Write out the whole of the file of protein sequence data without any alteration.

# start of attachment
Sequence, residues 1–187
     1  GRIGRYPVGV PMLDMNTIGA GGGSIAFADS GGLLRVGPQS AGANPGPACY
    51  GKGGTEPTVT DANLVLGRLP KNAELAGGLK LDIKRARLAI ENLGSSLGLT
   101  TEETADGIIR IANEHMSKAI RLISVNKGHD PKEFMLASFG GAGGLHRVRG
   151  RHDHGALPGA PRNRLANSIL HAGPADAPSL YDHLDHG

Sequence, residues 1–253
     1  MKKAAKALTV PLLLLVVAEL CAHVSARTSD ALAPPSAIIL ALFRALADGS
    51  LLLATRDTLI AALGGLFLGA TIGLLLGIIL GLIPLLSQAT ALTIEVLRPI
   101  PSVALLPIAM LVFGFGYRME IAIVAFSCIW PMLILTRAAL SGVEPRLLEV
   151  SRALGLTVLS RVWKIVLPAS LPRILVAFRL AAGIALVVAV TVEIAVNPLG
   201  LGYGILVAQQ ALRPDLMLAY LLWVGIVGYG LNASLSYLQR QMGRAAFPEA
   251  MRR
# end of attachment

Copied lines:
Sequence, residues 1–187
     1  GRIGRYPVGV PMLDMNTIGA GGGSIAFADS GGLLRVGPQS AGANPGPACY
    51  GKGGTEPTVT DANLVLGRLP KNAELAGGLK LDIKRARLAI ENLGSSLGLT
   101  TEETADGIIR IANEHMSKAI RLISVNKGHD PKEFMLASFG GAGGLHRVRG
   151  RHDHGALPGA PRNRLANSIL HAGPADAPSL YDHLDHG

Sequence, residues 1–253
     1  MKKAAKALTV PLLLLVVAEL CAHVSARTSD ALAPPSAIIL ALFRALADGS
    51  LLLATRDTLI AALGGLFLGA TIGLLLGIIL GLIPLLSQAT ALTIEVLRPI
   101  PSVALLPIAM LVFGFGYRME IAIVAFSCIW PMLILTRAAL SGVEPRLLEV
   151  SRALGLTVLS RVWKIVLPAS LPRILVAFRL AAGIALVVAV TVEIAVNPLG
   201  LGYGILVAQQ ALRPDLMLAY LLWVGIVGYG LNASLSYLQR QMGRAAFPEA
   251  MRR